David Cameron has defended himself against criticism for posing for a “selfie” photograph at the memorial service for former South African president and anti-apartheid hero Nelson Mandela.
The Prime Minister was pictured with US president Barack Obama and Danish PM Helle Thorning-Schmidt - the daughter-in-law of former Labour leader Lord Kinnock - as the three bunched together and smiled for a cameraphone snap in the FNB Stadium in Soweto.
Some reports suggested that Mr Obama’s wife Michelle was unimpressed by their behaviour, judging by her stern expression as she sat by her husband’s side, though this account has been scotched by the photographer responsible for the image.
Many Twitter users were scathing about the light-hearted snap, as it went viral on the social media website.
Mr Cameron was challenged over the photo at Prime Minister’s Questions in the House of Commons by Liberal Democrat MP Martin Horwood, who cheekily asked him: “Has the Prime Minister had the opportunity to discuss international mobile phone usage with any other European heads of government over the last day or so?”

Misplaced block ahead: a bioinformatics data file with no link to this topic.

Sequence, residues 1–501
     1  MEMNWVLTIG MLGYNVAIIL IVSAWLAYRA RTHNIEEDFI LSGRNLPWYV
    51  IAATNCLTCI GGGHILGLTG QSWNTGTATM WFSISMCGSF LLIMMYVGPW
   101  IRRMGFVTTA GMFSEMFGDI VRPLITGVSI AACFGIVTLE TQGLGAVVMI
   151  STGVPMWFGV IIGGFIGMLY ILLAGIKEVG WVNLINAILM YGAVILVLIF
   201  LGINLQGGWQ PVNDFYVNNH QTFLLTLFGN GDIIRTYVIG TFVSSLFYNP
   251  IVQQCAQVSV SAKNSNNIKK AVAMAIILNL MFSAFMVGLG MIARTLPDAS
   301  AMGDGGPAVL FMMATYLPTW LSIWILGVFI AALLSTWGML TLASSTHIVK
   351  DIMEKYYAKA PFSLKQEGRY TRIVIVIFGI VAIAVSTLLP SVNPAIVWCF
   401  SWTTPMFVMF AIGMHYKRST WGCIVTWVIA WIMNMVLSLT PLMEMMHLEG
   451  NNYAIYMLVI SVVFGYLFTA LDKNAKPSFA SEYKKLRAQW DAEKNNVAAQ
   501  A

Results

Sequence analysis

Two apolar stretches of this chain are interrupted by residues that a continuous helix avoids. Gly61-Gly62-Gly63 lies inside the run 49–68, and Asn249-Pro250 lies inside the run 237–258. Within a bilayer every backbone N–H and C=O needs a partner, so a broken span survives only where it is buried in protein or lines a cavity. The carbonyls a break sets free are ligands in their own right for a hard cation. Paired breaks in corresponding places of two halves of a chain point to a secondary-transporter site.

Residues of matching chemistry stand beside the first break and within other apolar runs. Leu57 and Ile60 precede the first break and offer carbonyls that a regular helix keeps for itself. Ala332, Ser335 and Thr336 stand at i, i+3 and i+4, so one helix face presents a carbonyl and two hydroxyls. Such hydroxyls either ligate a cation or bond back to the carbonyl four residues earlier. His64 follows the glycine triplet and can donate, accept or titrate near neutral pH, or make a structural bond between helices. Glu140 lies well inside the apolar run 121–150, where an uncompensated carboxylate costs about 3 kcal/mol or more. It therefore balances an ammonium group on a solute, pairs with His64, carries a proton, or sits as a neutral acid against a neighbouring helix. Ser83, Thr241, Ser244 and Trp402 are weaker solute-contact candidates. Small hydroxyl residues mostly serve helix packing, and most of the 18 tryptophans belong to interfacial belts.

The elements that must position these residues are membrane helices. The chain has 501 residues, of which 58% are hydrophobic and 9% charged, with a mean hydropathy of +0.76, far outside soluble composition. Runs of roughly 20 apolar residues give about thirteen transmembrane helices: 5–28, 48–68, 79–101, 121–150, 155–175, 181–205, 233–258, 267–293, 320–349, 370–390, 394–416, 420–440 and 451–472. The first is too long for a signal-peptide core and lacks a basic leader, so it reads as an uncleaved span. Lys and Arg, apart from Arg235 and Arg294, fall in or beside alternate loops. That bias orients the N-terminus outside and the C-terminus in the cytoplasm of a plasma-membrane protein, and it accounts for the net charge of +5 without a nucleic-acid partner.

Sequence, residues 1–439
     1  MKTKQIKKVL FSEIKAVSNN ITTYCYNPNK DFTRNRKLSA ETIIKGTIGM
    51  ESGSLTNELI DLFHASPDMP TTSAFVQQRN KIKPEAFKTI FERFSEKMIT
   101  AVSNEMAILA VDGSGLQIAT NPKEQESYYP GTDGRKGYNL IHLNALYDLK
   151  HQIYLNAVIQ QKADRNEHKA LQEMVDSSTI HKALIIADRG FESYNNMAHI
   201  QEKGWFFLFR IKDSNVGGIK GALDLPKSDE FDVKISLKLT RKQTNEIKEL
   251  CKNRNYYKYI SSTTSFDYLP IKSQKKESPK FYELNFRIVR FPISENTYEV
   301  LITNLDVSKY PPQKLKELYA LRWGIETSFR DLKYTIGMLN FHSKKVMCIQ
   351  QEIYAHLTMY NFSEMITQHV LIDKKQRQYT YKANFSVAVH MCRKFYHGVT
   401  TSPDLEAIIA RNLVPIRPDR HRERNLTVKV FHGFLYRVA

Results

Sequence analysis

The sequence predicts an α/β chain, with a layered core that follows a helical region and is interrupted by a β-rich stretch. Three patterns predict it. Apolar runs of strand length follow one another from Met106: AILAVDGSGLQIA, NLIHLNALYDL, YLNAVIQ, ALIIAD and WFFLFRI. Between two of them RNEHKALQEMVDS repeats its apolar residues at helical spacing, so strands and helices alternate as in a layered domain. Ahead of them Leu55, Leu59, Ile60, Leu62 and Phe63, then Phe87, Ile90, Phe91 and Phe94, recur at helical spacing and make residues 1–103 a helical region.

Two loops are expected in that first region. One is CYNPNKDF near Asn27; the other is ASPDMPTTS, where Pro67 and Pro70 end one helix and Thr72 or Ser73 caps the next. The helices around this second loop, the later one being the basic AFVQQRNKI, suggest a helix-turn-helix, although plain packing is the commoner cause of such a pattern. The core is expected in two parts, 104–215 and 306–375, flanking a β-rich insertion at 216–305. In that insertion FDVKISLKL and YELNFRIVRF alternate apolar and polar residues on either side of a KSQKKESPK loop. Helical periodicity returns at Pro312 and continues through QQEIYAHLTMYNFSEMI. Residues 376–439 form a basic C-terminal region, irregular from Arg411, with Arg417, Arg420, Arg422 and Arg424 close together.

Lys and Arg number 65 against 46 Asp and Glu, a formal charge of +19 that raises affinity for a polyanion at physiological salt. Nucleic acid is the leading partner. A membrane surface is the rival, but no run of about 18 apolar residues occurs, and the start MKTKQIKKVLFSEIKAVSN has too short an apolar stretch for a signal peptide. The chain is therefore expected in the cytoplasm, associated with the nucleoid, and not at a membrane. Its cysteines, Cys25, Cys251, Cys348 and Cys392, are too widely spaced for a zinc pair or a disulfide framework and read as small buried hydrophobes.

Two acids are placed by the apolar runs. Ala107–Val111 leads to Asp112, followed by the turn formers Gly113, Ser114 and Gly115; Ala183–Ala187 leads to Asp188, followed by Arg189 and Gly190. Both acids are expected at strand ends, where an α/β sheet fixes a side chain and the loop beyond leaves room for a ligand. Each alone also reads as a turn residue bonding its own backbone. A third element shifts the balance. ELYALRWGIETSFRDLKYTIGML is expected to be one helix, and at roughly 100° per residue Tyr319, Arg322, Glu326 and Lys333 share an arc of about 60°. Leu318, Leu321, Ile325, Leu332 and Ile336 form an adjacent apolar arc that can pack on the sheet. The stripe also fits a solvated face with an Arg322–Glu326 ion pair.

To laughter from MPs, Mr Cameron replied: “You could say, in a roundabout way. Perhaps in my defence, you should always remember that the television cameras are always on.
“But in my defence I would say that Nelson Mandela played an extraordinary role in his life and in his death in bringing people together. So of course when a member of the Kinnock family asked me for a photograph, I thought it was only polite to say yes.”
At a daily Westminster media briefing, Mr Cameron’s official spokesman was asked whether the PM felt his actions were appropriate to the occasion.
The spokesman said: “I think what the PM would say about yesterday is it was very much a celebration of Nelson Mandela and his life and his achievements.
“I am sure many of us were watching the pictures from it and I think it did come across, and rightly so, as a marking and a celebration of Mr Mandela’s life. You had plenty of words from the Prime Minister and leaders from around the world that attest to that.”
Asked if the PM regretted distracting attention away from the tributes to Mr Mandela, the spokesman said: “What the media may choose to report is a matter for yourselves and your colleagues.”
The photographer who took the picture of the three leaders posing for the selfie, Roberto Schmidt of news agency AFP, said that he felt the trio were “simply acting like human beings”.
Writing on the AFP correspondent blog, Mr Schmidt said: “I took these photos totally spontaneously, without thinking about what impact they might have.
“At the time, I thought the world leaders were simply acting like human beings, like me and you. I doubt anyone could have remained totally stony-faced for the duration of the ceremony, while tens of thousands of people were celebrating in the stadium.
“For me, the behaviour of these leaders in snapping a selfie seems perfectly natural.”